But no, what we have on the historical record from July 2, 1937 makes no mention of time! (Solvers, please take notice of the exclamation point, the only one in the puzzle.) A third of the way into the flight, Amelia Earhart apparently neglected a singular reality of instrumentation in aviation: "The clock won't wait." In straight-and-level flight, heading and altitude are all but constant. Airspeed, too. Upon reaching a fix, however, the pilot must without delay record the reading from his or her chronometer at the moment corresponding to the position being reported -- before keying the microphone. It is not uncommon even today for the pilot of the most advanced airliner to find the radio channel blocked, delaying his or her immediate position report, for example on an ILS approach to landing ("Outer marker inbound at :14 past the hour").
Absence of the clock-reading in Amelia Earhart's radio transmission over Nukumanu has created a mystery that continues to baffle historians and researchers seven decades later. At least one historian [Long] notes that Earhart's position report does not mention Nukumanu. The name is easy enough to pronounce into the microphone, but the island may not have been visible under the "CUMULUS CLOUDS." Still, the reported latitude and longitude could not have been a celestial fix, inasmuch as 0718 GCT (6:18 PM local time) was late afternoon. Instead "POSITION 4.33 SOUTH, 159.7 EAST" must have been transcribed from Fred Noonan's flight planning charts, which would have been spread out on his navigation table in the aft end of the fuselage (see Simplexity Aloft).
Most likely, Earhart simply missed her assigned time-slot for transmissions ("quarter-past-the-hour") at 0615 GCT. The implication is that her ATA for Nukumanu probably occurred some time before 0718 GCT -- indeed before 0615 GCT, perhaps exactly matching Noonan's ETA of 0600 GCT. Now, that raises another question: With at least 45 minutes of extra time after overflying Nukumanu, was Earhart still too busy obtaining the 'lat/lon fix' from Noonan to begin her transmission promptly at 0715? Solvers can confirm for themselves that it takes a mere 20 seconds to recite aloud Earhart's position report. For the message to be logged in Lae at 0718 GCT, she must have waited at least a couple of minutes beyond quarter-past-the-hour -- more than an hour after her assigned time-slot at 0615 GCT. How likely is that?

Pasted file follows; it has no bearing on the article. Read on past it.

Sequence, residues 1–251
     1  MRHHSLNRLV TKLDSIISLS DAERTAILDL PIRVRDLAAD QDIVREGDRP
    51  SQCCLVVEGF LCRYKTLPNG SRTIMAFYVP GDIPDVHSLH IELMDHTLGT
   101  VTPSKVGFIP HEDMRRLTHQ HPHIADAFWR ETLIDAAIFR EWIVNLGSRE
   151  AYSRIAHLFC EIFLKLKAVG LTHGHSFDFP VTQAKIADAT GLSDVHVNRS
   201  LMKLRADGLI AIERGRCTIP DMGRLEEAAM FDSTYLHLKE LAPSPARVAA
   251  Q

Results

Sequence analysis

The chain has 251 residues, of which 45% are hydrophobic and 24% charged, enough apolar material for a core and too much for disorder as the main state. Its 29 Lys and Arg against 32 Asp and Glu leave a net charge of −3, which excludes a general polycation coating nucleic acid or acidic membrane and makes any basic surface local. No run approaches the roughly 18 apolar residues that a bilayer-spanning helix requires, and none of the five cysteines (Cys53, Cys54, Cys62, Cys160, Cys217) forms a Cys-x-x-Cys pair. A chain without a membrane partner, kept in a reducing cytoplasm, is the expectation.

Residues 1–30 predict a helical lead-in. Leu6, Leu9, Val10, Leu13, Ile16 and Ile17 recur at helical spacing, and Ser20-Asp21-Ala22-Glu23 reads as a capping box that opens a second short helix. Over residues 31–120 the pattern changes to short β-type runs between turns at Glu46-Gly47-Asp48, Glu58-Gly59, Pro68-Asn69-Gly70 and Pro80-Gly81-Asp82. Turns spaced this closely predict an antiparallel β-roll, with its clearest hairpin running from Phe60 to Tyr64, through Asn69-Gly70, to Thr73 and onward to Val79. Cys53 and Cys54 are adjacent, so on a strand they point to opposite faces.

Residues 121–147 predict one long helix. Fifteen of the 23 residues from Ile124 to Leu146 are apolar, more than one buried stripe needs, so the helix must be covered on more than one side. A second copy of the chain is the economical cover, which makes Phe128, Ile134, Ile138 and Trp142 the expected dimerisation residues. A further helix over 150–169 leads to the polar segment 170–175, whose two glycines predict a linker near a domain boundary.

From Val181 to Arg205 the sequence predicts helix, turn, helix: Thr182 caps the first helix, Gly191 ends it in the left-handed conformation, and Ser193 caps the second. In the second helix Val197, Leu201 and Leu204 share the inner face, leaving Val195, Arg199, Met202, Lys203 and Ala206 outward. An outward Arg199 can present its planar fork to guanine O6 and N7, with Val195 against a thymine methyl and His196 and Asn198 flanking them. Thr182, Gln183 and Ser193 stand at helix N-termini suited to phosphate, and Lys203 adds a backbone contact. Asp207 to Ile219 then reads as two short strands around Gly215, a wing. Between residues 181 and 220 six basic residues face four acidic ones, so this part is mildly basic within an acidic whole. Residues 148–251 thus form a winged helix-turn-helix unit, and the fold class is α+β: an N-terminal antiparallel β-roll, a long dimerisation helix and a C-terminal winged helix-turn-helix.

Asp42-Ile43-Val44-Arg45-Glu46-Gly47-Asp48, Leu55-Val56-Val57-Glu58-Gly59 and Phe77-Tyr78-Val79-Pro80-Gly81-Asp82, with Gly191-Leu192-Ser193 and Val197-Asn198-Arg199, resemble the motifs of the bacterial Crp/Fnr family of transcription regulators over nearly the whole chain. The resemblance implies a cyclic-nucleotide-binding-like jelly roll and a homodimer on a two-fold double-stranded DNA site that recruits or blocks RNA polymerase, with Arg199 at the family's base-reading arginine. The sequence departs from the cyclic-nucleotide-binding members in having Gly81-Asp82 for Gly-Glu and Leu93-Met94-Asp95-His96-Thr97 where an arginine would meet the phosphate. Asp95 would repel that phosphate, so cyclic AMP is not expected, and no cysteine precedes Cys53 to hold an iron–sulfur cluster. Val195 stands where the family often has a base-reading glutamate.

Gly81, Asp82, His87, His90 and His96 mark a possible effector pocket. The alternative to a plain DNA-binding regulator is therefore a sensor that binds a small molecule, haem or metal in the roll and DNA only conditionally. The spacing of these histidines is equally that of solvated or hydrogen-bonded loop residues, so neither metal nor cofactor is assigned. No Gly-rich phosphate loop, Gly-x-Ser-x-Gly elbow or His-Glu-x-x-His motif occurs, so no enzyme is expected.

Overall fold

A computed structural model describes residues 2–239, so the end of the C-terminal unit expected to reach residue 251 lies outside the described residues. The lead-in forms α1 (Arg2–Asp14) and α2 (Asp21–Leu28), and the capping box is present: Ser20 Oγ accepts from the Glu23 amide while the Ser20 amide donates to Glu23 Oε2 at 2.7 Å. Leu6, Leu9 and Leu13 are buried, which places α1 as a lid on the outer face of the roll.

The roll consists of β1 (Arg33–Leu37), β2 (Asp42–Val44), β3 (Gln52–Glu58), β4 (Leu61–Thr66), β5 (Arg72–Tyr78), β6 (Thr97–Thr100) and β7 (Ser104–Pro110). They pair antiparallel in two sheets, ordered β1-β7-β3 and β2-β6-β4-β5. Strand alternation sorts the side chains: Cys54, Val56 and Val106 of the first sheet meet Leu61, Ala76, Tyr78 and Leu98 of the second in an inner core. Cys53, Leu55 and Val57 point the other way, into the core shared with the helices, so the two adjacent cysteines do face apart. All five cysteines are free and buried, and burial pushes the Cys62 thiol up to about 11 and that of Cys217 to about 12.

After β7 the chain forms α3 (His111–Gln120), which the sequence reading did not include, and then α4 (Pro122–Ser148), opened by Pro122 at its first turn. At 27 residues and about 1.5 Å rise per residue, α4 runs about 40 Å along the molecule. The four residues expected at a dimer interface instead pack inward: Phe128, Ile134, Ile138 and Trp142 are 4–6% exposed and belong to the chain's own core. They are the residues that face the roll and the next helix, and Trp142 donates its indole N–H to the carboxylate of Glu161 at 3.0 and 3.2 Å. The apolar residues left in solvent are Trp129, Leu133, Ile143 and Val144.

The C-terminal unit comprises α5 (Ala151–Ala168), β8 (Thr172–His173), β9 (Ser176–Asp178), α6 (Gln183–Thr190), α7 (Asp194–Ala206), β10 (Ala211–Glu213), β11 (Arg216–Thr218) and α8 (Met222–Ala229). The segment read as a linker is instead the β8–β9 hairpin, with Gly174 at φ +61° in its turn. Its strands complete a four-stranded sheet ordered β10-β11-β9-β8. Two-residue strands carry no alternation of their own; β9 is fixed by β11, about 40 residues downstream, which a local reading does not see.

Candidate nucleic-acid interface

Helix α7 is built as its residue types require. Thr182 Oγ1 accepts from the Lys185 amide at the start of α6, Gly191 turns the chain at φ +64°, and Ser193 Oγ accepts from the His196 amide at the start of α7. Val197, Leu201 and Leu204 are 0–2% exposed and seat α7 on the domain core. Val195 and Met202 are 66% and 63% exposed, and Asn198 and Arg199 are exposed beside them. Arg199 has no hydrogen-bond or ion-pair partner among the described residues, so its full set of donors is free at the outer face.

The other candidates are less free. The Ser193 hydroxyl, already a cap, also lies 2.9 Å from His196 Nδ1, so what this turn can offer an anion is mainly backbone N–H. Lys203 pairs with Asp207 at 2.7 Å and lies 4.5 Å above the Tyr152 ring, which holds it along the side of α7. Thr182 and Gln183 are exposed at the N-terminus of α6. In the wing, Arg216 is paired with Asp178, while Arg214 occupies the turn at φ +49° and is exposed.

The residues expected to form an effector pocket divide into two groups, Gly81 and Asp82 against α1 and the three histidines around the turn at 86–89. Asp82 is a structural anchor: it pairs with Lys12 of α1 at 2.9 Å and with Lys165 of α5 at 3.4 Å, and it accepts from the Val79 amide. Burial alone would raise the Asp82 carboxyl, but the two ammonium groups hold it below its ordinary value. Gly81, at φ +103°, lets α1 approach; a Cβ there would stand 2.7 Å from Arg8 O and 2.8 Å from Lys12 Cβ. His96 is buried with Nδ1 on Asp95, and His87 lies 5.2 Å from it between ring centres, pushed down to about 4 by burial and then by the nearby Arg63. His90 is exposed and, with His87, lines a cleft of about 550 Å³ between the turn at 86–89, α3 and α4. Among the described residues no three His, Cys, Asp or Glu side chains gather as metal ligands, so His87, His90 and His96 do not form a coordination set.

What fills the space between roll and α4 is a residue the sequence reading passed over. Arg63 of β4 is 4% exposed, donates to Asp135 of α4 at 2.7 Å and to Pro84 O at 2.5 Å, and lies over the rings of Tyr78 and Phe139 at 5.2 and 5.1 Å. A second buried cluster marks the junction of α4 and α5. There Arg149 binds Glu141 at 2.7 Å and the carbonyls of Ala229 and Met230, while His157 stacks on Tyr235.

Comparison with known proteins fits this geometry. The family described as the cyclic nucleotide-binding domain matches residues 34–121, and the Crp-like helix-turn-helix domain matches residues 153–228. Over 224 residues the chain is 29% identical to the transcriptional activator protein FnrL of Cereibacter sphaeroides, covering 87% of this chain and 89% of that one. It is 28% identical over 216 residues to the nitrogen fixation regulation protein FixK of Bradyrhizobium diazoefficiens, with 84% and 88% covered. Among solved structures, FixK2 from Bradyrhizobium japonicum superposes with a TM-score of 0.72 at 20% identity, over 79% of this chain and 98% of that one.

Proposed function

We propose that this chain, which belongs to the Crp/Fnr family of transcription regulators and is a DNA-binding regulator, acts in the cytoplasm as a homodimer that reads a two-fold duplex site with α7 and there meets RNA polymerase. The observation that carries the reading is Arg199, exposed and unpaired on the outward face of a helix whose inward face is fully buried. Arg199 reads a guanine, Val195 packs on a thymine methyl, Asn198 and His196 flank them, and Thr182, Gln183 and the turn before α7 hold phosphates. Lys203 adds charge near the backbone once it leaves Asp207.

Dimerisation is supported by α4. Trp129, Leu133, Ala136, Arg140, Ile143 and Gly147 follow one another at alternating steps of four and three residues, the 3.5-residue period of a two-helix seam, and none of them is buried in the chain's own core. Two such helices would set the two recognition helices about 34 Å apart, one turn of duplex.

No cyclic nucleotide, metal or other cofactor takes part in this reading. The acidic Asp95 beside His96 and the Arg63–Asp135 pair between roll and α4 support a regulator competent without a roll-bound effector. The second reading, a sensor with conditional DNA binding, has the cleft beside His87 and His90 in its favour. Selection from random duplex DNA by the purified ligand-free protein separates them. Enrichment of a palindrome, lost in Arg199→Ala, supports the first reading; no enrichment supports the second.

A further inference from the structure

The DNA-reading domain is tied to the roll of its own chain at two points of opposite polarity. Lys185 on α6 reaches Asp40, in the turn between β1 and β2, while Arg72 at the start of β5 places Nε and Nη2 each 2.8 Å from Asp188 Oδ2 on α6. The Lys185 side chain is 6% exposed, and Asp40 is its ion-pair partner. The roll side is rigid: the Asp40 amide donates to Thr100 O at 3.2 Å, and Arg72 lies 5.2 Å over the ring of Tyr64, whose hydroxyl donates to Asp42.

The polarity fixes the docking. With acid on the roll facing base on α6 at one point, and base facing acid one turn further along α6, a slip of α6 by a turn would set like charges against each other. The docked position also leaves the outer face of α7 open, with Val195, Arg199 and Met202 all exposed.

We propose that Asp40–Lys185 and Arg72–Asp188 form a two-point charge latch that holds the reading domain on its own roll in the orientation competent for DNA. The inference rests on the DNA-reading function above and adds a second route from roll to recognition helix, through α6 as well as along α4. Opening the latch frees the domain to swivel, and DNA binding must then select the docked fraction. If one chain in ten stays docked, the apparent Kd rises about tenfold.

Taking into account events occurring a dozen hours later (see Which Way, Amelia?) and the tragic outcome of the flight, a delayed arrival at Nukumanu has to be considered a possibility (see Wages of Flight) along with an on-time arrival (see Here Comes the Sun).
By the way, for long flights, reporting the current estimate of fuel-remaining has more pertinence for search-and-rescue operations than the gratuitous weather briefing ("OVER CUMULUS CLOUDS -- WIND 23 KNOTS") as embedded in that position reports for the benefit of other pilots. Hey, Amelia, there were no other pilots listening in, only historians.Solvers of The Clock Won't Wait puzzle are hereby given an opportunity to analyze the mystery that has confounded historians for decades as it pertains to the tragic outcome of Amelia Earhart's last flight...